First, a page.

Chanting, “This is what democracy looks like,” I joined 25,000 of my fellow Americans in downtown San Jose, Calif., as part of the worldwide Women’s March on January 21 to assert our rights against the unacceptable presidency of Donald Trump. We were among the more than 2 million women, men and children who rallied in almost 700 marches in 50 states and 32 countries in the world’ s seven continents to demonstrate against the harrowing possibility of fascism taking root in the “land of the free and home of the brave.”
It took us almost two hours to march from City Hall to Plaza de Cesar Chavez but what a march of swirling, energizing, kaleidoscopic humanity it was! The witty and incisive posters told the story as well as any narrative could: “Avoid Unwanted Presidencies,” “Girls Just Wanna Have FUNding for Planned Parenthood,” “Don’t Poke Mama Bear,” “A Woman’s Place Is in the Resistance,” “Let Me Choose My Own Path,” “We Are Here to Stay,” “Tiny Hands Won’t Hold Us Back,” “What Would MLK Do?”, “I Ain’t Going Back to the ‘50s,” “Women Are the Wall and Trump Will Pay,” “I Choose a Democracy of Justice & Compassion, Not a Trumpocracy of Cruelty & Greed,” “Science Before Stupidity,” “Tyrannical, Racist, Unscrupulous, Misogynistic, Plutocrat,” “He Grabbed Us by the Caucus!”, “Real Men Love Feminism,” “I Revolt Because He is Revolting,” and the incomparable, “Dear World, Majority of Americans Did NOT Vote for Him … We are Sorry.”
At the Plaza, San Jose Mayor Sam Liccardo declared that San Jose, a city not known globally for its activism, “has awoken.” He spoke of his recent trip to Washington, D.C., where, he said, “I did not stay for the inauguration because I just couldn’t but I did take a long look at the White House before it turned into a hotel and a casino.”
“This great city,” he said, “will not confront its peace-loving Muslims with a registry, but embrace them with equality.”
Santa Clara County Supervisor Cindy Chavez said the march represented the new civil rights movement of our time.
“Promise yourself,” she said as the thousands roared their approval, “you will remember where you were when you changed history.”
Maha ElGenaidi, founder of Islamic Network Group and a Bay Area activist, quoted a verse from the Quran: “‘We made you into nations and tribes so you may know another.’ This means diversity is built into the Divine plan,” she explained. “This also means we must cherish our diversity, irrespective of our faith, race, gender, and sexual orientation.”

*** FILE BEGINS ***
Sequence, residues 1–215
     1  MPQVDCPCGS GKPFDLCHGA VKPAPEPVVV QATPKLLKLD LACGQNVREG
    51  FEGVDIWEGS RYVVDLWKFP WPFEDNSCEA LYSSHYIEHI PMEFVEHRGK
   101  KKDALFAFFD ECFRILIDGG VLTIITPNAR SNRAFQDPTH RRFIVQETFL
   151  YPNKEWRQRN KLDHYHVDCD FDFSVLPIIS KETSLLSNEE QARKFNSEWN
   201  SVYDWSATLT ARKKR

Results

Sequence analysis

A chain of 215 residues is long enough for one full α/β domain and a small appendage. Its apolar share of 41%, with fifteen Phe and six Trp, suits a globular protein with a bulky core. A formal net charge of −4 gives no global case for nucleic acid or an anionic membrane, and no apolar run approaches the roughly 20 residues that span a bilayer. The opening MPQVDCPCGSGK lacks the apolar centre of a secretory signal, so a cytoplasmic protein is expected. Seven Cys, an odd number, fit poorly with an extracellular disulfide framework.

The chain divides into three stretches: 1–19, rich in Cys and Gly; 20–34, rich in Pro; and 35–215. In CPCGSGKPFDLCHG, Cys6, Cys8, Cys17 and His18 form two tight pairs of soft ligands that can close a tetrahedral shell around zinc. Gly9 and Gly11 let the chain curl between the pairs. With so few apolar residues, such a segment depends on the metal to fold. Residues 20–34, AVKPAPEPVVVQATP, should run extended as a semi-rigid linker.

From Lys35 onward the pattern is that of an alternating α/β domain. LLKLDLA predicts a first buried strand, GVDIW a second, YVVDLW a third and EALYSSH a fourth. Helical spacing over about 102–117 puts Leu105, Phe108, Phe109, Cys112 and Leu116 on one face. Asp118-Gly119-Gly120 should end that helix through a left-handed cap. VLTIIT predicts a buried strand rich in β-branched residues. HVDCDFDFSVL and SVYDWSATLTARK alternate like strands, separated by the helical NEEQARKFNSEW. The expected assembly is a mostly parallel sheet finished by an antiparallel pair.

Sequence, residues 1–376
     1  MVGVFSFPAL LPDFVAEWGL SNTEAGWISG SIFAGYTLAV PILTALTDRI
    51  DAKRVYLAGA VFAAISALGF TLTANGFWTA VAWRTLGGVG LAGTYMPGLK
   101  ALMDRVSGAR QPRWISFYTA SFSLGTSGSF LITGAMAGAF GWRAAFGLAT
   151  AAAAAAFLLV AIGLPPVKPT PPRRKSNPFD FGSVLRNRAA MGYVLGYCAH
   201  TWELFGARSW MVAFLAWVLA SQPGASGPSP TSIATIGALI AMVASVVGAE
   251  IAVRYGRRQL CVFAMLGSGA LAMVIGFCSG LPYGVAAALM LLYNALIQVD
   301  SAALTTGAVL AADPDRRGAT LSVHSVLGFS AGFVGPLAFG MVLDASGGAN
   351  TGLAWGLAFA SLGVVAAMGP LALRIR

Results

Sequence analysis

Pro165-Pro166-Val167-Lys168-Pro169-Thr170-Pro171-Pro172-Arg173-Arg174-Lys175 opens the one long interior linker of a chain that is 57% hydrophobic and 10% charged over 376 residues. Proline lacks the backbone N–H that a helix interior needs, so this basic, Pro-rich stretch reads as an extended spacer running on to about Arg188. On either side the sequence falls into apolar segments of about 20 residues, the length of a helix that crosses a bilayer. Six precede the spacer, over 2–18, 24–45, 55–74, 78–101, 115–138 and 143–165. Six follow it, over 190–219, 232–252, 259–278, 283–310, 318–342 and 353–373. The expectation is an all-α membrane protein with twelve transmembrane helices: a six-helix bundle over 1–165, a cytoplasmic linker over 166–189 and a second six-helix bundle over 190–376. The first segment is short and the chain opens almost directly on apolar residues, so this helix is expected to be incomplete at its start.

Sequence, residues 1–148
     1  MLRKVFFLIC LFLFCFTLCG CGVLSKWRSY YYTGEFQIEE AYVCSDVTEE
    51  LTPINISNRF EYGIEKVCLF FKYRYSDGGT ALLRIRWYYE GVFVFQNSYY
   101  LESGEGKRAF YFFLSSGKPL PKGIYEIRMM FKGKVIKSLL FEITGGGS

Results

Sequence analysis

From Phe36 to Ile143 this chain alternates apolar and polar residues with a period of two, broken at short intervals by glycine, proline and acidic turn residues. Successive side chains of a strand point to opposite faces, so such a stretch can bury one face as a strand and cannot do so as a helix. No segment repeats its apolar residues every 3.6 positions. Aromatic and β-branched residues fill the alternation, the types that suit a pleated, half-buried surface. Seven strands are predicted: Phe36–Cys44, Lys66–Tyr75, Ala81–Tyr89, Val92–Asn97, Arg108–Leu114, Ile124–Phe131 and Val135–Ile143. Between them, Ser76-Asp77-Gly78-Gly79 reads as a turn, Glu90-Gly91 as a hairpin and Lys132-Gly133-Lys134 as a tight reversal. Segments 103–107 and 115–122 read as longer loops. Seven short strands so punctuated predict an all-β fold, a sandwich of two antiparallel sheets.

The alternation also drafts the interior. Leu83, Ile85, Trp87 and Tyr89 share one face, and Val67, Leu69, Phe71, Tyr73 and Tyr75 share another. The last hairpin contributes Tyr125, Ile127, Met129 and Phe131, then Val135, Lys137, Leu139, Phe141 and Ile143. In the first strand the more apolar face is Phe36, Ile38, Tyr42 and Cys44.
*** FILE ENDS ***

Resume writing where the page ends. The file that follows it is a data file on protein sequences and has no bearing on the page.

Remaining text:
There were many more speakers whose messages of solidarity, compassion and resistance in the face of tyranny, misogyny and kakistocracy (government by the worst persons) fired up listeners who filled the plaza with a vow that seemed to reach up to the sky: “We are here to stay.”
I only had to look around at the river of humanity to know in my gut that the movement against the Trump presidency had only just begun.
As a Muslim American, I was drawn to posters held aloft by Jews and Christians in our support. Two in particular caught my attention: “We Stand With American Muslims,” and “Would Muhammad Ali Have Signed Trump’s Registry?” I expressed my gratitude to the woman and the man holding the two posters but because of the crush of the crowd, could not exchange names, although we managed to hug.
While my spirit was lifted by these selfless Americans driven to defend us from injustice, I also found myself growing sad and somewhat despondent. Where were the local Muslim Americans? I counted just 10 that included my wife, but even if I missed others, the number could not have been more than a hundred. That would be about three Muslims per thousand in the march. “Pathetic” was the only word I could think of. The million dollar question, of course, was, “Why? Why did so few of my fellow Muslims choose not to participate?”
From my three decades of interaction with Muslims in the Bay Area, I knew it was not from a lack of concern for the well-being of America, nor from a lack of gratitude for what other Americans did for us.
The day after the march, I asked some Muslims friends why they were not at the historic event.
“Well, we knew you would be there, so …” a few said guiltily. Others told me they were uncomfortable in big gatherings.
“But you were there when Christians and Jews came to our Islamic Center to express their solidarity with us after we received that hate mail last November,” I reminded them.
It dawned on me that many Muslims were comfortable being gracious hosts when people of other faiths come to visit our mosques, but when it is their turn to visit churches and synagogues and events like the Women’s March, they rely on a few “interfaith experts” to represent them. To me, this is nothing but a lack of self-assurance, with a little bit of insecurity and arrogance thrown in.
In all fairness, I must admit that they are in the minority. But what is clear is that we Muslim Americans must shed our sense of entitlement (let others go to bat for us), insecurity and arrogance to be full participants in American democracy. Otherwise, we will not move past a permanent and debilitating sense of victimhood that will be a tragic loss for us and for America.
photo credit: Hasan Zillur Rahim